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Oregon Council on Court Procedures

Where do the Oregon Rules of Civil Procedure come from and how are they changed? If a particular rule is not effective or has been rendered obsolete by technology, or by practice, how may it be amended?

The Council on Court Procedures is the Oregon public body that is most directly involved in creating, reviewing, and amending the Oregon Rules of Civil Procedure, which govern procedure and practice in all Oregon circuit courts (except for the small claims department). 

Membership and Meetings

Members of the Council are drawn from appellate and circuit court judges, practicing attorneys who represent both those who bring civil cases and those who defend them, and a public member. All Council members serve without pay. The work of the Council is supported by a professional staff, by the Oregon State Bar, and by Northwestern School of Law of Lewis & Clark College. All meetings of the Council are open to the public.

Suggestions for Amendments

The Council considers proposed rule changes from a wide variety of sources. Council members also consider the potential need for amendments that may arise because of developments in case law, changes in technology, new Oregon statutes or federal legislation, or changes in legal practice. The Council strives to make sure that the rules remain practical and up to date, and promote the fair and efficient administration of justice and welcomes comments and suggestions regarding the Oregon Rules of Civil Procedure.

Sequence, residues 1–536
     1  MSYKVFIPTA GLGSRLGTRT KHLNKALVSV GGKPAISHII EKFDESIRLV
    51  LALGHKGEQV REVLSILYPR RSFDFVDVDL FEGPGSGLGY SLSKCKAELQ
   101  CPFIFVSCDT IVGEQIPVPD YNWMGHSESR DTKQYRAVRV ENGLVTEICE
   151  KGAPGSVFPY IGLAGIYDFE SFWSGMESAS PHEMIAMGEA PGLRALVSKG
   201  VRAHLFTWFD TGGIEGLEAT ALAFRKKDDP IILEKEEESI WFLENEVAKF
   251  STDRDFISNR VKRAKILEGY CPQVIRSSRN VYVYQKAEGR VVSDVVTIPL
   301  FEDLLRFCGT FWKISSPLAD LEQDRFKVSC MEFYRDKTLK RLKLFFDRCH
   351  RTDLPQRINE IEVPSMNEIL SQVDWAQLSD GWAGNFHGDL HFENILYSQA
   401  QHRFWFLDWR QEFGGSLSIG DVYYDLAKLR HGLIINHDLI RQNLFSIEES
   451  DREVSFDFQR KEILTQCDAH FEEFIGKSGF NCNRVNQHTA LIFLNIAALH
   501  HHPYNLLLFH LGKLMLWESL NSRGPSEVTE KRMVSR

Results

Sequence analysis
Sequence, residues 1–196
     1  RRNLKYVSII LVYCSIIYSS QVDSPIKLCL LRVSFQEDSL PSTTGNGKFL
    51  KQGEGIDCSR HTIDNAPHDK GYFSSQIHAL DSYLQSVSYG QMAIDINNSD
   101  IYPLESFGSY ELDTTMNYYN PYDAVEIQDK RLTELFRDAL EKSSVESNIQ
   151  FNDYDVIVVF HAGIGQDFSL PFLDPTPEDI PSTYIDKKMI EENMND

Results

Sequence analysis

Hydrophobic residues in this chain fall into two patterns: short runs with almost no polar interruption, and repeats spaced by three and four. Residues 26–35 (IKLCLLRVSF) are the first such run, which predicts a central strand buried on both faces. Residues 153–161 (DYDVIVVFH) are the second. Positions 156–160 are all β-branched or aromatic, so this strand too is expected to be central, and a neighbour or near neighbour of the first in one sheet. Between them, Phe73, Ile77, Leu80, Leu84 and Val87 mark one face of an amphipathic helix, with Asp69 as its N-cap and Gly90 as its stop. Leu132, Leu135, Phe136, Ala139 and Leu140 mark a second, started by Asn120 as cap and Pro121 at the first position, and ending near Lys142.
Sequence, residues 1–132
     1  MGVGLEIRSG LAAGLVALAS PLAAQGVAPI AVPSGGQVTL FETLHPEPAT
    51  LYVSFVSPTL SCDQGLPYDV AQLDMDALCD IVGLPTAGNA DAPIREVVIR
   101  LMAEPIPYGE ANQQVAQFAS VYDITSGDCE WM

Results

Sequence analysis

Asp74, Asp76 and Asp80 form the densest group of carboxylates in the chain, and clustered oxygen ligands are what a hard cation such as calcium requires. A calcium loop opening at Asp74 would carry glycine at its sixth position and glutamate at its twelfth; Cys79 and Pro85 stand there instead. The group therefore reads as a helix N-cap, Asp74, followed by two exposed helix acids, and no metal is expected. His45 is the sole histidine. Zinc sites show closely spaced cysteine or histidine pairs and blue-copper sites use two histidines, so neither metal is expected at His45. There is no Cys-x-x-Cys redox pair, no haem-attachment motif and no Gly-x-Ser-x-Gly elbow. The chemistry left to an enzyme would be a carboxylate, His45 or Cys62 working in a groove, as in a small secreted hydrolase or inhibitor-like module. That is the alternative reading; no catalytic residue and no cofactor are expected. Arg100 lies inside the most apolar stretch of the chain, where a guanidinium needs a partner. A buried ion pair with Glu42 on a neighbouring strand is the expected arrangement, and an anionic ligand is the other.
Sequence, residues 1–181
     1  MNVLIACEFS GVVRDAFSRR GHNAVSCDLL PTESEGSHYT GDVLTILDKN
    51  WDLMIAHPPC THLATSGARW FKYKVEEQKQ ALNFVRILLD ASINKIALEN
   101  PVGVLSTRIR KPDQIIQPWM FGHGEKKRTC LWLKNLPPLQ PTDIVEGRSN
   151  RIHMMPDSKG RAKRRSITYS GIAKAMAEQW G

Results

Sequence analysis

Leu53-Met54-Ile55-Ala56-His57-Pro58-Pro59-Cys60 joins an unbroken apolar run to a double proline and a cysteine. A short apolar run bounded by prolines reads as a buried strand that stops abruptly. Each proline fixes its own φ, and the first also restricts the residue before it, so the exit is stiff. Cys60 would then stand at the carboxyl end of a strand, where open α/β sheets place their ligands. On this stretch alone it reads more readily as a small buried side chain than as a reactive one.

Timeline and Procedures

The Council has a two year cycle for considering amendments to the Oregon Rules of Civil Procedure. It tries to have workable rules that are written clearly, and also tries to make sure that ill-advised proposals are screened out. In December of each even-numbered year, the Council promulgates proposed rules or amended rules. Proposals that receive a "super majority" vote of the Council become law about a year later, unless the Legislature decides otherwise. In addition, the Council is available as a resource to the Legislature during each session.

What the Council Does Not Do

The Oregon Council on Court Procedures is a public rule-making body. It is not a law firm, and does not provide legal advice or services. It also does not decide cases, discipline attorneys or judges, write substantive laws, modify the rules of evidence, or modify the rules of appellate procedure; those responsibilities are carried out by other institutions (see Resources button on left).